As queer men were ostracized from society in the early 20th century, some came together to form a community on a secluded strip of beach just off the coast of Long Island. One such community was Cherry Grove, which is the subject of an exhibition at the New York Historical Society titled Safe/Haven: Gay Life in 1950s Cherry Grove. As the area evolved over the years, one man made it his mission to save artefacts from this community, eventually forming the Cherry Grove Archives Collection. What began in the 1940s as a simple collection of photos has become a treasure chest of queer history that includes house signs, playbills, and films that show the daily life and fabulous events of the Grove.
“During weekends and summers in the pre-Stonewall era, gay men and women, including many New Yorkers, travelled to the secluded beach town of Cherry Grove on Fire Island where they found opportunities for sexual exploration and self-expression—behaviour that was both stigmatized and criminalized in the straight world. Together with creative figures like Truman Capote, W.H. Auden, Carson McCullers, and Patricia Highsmith, these visitors to the Grove took pleasure in the costumed parties, theatrical events, and liberated atmosphere that this gay sanctuary provided.”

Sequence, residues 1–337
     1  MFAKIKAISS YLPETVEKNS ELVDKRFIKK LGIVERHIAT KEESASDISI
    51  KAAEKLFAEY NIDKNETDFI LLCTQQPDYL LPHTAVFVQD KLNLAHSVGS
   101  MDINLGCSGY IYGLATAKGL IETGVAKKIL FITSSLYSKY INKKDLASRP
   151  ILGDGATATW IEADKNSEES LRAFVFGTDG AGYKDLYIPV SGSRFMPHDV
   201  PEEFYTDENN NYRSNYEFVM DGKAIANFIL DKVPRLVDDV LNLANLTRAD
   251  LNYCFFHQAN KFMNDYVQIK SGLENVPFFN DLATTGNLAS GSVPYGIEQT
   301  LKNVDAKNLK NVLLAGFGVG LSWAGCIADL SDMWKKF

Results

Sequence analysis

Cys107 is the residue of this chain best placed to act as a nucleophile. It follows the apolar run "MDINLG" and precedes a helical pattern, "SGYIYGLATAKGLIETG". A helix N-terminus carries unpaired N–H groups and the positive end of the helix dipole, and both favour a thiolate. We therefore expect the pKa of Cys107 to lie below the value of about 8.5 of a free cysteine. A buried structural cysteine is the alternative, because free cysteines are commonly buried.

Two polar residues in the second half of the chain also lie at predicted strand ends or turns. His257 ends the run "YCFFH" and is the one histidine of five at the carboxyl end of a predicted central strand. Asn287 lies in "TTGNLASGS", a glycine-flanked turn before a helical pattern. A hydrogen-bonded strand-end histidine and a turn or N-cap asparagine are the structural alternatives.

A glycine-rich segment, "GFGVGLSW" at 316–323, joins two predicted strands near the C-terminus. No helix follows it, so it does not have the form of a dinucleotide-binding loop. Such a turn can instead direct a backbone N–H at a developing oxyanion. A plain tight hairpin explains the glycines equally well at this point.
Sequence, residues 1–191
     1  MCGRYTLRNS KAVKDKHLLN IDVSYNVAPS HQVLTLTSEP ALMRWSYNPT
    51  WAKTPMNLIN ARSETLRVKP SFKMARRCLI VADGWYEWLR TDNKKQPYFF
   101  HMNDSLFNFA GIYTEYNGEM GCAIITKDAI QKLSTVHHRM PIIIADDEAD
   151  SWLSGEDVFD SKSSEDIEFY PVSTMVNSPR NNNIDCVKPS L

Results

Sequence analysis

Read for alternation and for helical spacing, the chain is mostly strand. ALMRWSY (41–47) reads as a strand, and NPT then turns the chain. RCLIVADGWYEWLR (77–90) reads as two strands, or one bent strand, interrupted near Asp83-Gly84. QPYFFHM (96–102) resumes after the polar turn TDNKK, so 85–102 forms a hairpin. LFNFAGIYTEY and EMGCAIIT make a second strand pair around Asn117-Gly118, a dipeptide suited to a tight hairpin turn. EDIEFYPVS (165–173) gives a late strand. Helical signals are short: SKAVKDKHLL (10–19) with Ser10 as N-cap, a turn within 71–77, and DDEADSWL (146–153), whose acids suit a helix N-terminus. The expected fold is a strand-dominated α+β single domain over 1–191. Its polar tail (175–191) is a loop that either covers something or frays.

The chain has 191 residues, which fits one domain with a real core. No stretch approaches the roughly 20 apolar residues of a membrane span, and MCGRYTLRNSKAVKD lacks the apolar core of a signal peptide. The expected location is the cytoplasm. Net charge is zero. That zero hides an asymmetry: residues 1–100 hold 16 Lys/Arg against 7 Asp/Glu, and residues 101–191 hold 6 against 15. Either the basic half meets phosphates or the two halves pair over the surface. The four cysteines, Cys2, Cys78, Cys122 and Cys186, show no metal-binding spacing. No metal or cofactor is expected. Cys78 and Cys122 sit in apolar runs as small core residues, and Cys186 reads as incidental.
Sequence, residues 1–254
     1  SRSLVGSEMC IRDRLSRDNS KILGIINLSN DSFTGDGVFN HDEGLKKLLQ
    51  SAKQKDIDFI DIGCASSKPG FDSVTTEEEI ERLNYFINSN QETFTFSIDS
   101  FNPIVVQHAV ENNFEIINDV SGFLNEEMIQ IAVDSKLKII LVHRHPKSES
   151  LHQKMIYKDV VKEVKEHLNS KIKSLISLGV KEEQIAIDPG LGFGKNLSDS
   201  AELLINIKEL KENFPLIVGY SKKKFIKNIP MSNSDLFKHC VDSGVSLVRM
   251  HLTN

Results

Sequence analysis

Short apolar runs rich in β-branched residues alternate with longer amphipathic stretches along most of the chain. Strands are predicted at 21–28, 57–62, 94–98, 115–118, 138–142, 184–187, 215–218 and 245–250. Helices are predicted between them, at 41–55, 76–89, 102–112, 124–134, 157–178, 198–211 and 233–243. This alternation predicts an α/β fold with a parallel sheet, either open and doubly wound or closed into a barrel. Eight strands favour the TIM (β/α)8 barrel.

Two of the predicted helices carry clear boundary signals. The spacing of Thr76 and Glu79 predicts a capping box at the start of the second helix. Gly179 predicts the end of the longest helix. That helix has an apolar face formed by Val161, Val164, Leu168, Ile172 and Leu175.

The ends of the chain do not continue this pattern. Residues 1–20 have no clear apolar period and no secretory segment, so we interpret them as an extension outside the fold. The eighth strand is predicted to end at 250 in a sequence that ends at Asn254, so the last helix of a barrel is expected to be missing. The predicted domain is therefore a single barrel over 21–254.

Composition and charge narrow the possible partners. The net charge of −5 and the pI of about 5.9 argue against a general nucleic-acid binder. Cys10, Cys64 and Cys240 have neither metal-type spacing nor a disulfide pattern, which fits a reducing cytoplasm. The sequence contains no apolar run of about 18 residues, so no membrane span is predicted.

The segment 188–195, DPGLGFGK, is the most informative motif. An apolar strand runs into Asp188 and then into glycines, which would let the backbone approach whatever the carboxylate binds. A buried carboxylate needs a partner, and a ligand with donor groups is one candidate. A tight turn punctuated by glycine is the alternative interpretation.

“Harold Seeley lovingly collected all this material from our community that he thought would one day be valuable,” said Parker Sargent, a documentarian who has made several films about Cherry Grove and helped curate the exhibition. “He didn’t really do much with them in the way of preservation; he was more of a collector. But when he died, he chose a group of people to continue his work. And since then we’ve been trying to catalogue and digitize everything he collected.”
Curated by Brian Clark, Susan Kravitz, and Parker Sargent for the Cherry Grove Archives Collection and coordinated at New York Historical by Rebecca Klassen, associate curator of material culture.
May 14 – October 11, 2021